Re-Entry Task Force No 1
This very clean design has friction drive and is 20.5 cm / 8 1/16 in long. The subsequent Tarheel version has engine exhausts in green, and there are versions in plain plated and metallic blue as well, possibly by the same manufacturer who produced the plated Task Force 3 linked below.
Re-Entry Task Force No 2
Another simple, friction-driven ship with a more traditional shape, measuring 20.5 cm / 8 1/16 in. The newer version by Tarheel has a body moulded in yellow. (note box shown is a reproduction).
Re-Entry Task Force No 3
This attractive craft is also friction-driven, and is also 20.5 cm / 8 1/16 in long. The subsequent version from Tarheel was moulded in white, as was a version by SL carrying 'Task Force' stickers in a box that also looks much more recent. Much like Task Force 1, a plated version was also made by an unknown manufacturer.
While not really a Sword craft per se, the Zero-X is included at the end of the Project Sword manual as a suggested addition to the reader's fleet, and also was supplied with a Sword 'Supremo' pin badge and manual. Designed by Derek Meddings for the 'Thunderbirds are Go' feature film, the battery-operated toy version is also made up from separate components to be assembled into the full composite craft as per the movie model. It is marked with the JR diamond trademark and 'No.7 Zero X Regd. Design No. 927493 Made in Hong Kong' (the number 7 fitting in with the Thunderbirds range of ref. numbers) and overall measures 47 cm / 18 1/2 in long. Moonbase Central has a blog post with photos of the 'real' Zero-X from the Mastermodels company who built it to Meddings' design drawings.
Not shown in the manual are the following later additions to the series:
Intended to represent an amphibious ship, this toy features friction drive and a missile shooting from the prow. It is 14.5 cm / 5 3/4 in long, and is based on the Seabug craft from a Fireball XL-5 story by Mike Noble appearing in TV21 #68 of 7 May 1966.
Featuring friction drive, retractable wings and firing a rocket from the nose, this neat little craft has a length of 14.5 cm / 5 3/4 in but carries no markings of any kind (Note the box shown is a reproduction). Bill Bulloch discovered a lifting body shape that bears a very close resemblance, and had previously also appeared in an article in TV21 magazine of 21 January 1967 (below left). Paul Woods then found that same shape in an overview diagram of various lifting body configurations, which I eventually managed to trace back to a USAF hypersonic glider project from 1966. The shapes turn out to be models (by various contractors) for windtunnel tests conducted at the AF Flight Dynamics Laboratory by a team led by Alfred Draper, who, much later, wrote a full recapitulative report on it. The overview below is from p42 of that pdf, which shows this work ended up determining the shape of the very successful Martin Marietta X-24B.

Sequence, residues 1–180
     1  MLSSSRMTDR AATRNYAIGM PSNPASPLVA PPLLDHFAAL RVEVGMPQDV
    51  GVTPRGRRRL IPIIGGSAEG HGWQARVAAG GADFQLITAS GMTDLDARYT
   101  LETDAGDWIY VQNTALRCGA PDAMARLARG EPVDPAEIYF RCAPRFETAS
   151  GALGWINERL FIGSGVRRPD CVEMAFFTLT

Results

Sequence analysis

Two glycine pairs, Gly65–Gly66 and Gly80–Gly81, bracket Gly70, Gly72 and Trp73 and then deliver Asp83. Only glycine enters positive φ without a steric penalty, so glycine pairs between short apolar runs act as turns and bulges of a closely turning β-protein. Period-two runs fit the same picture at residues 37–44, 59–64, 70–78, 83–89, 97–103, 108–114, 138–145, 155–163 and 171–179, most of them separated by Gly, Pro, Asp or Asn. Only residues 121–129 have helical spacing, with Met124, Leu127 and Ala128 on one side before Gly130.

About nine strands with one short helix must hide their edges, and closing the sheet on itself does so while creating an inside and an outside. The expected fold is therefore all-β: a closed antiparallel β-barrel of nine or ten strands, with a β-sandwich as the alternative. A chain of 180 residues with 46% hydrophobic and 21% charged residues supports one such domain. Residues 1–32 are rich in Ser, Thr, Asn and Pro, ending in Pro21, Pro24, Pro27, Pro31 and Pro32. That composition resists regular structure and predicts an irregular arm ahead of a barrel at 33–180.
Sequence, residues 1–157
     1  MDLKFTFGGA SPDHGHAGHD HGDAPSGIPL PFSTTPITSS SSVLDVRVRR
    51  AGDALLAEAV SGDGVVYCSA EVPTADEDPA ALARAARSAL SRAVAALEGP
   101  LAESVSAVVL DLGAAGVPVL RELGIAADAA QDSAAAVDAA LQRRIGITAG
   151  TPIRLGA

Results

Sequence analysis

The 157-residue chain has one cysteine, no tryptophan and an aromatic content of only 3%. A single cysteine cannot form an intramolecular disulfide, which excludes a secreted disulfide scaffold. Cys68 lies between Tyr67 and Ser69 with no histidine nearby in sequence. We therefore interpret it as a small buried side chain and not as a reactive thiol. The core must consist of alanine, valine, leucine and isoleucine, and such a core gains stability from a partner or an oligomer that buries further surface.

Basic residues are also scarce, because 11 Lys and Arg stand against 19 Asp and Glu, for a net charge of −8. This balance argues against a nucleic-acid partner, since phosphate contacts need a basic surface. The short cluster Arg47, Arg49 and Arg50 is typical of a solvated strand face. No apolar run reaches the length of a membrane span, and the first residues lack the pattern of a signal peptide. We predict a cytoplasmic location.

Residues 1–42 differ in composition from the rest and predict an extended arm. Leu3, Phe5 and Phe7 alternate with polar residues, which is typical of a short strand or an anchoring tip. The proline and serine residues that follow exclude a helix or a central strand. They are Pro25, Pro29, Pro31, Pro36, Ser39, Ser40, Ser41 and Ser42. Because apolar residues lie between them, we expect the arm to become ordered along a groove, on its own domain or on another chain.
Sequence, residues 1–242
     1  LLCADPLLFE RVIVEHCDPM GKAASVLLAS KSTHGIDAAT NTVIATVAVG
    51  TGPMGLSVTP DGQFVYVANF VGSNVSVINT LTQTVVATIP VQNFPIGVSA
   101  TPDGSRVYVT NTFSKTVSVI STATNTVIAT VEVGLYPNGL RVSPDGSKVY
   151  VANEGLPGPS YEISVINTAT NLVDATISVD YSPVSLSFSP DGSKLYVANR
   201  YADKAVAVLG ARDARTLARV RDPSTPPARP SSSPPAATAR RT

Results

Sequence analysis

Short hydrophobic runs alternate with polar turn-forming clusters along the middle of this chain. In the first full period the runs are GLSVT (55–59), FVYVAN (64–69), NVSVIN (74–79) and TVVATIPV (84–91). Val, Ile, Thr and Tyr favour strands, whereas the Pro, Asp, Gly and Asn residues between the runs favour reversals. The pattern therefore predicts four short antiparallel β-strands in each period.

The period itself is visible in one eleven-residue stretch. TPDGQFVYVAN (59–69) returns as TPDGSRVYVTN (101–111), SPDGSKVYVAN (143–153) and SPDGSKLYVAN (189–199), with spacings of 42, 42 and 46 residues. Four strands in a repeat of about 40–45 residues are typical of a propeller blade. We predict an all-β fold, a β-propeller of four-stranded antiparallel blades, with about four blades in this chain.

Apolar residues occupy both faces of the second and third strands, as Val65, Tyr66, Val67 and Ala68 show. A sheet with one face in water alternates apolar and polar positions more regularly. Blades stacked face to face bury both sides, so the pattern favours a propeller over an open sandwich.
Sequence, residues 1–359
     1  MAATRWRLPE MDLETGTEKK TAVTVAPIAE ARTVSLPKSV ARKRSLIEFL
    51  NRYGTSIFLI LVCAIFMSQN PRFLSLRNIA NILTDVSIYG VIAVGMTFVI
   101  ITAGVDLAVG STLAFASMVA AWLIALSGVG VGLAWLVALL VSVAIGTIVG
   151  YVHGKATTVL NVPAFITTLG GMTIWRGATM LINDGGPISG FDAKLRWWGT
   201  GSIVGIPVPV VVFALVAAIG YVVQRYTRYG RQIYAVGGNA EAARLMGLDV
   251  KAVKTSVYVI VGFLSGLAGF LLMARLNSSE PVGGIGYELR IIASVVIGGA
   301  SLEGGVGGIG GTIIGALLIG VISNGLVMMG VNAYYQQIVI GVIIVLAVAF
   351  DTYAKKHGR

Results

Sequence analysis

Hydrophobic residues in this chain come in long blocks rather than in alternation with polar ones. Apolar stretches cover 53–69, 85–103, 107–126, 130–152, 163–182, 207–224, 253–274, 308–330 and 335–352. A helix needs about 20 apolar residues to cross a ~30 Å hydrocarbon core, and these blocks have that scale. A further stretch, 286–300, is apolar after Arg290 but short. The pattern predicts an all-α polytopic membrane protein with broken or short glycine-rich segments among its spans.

Also shooting a missile from the nose and friction-driven, this toy is 15 cm / 5 15/16 in long and also unmarked. Although showing authentic wear and tear, the box shown is a reproduction.
And to be complete, two paper kits were also produced by Century 21 Books:
Both books contain an illustrated Project Sword story and two kits. SW1 at left has the Snow Train and Hover Tank; SW2 contains the Sand Flea and Scramble Bug.
Bill Bulloch wrote a
which includes pictures of three of these models built by Joe Murray, as well as a page from the
TV21 Summer Extra issue of 1966 illustrated by Eric Eden which includes his Snow Train and Sand Flea
on which these paper kits are based. Paul Woods has provided
of the entire first kit book should you want to read it or even download and build the models in it.
The Hover Tank was originally intended to be a plastic toy, as is evident from a registered design document I found. (use your browser's Back button to return here)
1: The Project Sword back story is concisely included in the paper kit book shown above, should you want to read it: page 1 and top of page 2. back to text
2: The more extensive introduction of both toys and story as published in Solo #19 of 24 June 1967 can be seen and read on Moonbase Central. back to text